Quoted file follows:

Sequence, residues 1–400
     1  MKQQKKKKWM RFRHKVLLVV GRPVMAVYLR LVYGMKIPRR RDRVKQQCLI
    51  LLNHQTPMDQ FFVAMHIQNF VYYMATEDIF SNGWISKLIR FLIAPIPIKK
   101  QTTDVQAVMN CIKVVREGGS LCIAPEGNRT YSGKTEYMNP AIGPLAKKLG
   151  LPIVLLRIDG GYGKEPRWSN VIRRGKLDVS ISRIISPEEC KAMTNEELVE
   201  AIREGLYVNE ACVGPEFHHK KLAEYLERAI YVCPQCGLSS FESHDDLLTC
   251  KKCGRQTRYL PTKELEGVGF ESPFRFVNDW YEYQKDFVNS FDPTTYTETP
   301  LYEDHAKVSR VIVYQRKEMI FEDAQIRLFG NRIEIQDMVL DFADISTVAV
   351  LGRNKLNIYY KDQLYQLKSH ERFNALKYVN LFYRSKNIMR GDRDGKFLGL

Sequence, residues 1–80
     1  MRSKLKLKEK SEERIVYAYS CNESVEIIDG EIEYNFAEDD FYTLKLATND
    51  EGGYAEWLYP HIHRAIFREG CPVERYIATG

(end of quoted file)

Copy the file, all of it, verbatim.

Sequence, residues 1–400
     1  MKQQKKKKWM RFRHKVLLVV GRPVMAVYLR LVYGMKIPRR RDRVKQQCLI
    51  LLNHQTPMDQ FFVAMHIQNF VYYMATEDIF SNGWISKLIR FLIAPIPIKK
   101  QTTDVQAVMN CIKVVREGGS LCIAPEGNRT YSGKTEYMNP AIGPLAKKLG
   151  LPIVLLRIDG GYGKEPRWSN VIRRGKLDVS ISRIISPEEC KAMTNEELVE
   201  AIREGLYVNE ACVGPEFHHK KLAEYLERAI YVCPQCGLSS FESHDDLLTC
   251  KKCGRQTRYL PTKELEGVGF ESPFRFVNDW YEYQKDFVNS FDPTTYTETP
   301  LYEDHAKVSR VIVYQRKEMI FEDAQIRLFG NRIEIQDMVL DFADISTVAV
   351  LGRNKLNIYY KDQLYQLKSH ERFNALKYVN LFYRSKNIMR GDRDGKFLGL

Sequence, residues 1–80
     1  MRSKLKLKEK SEERIVYAYS CNESVEIIDG EIEYNFAEDD FYTLKLATND
    51  EGGYAEWLYP HIHRAIFREG CPVERYIATG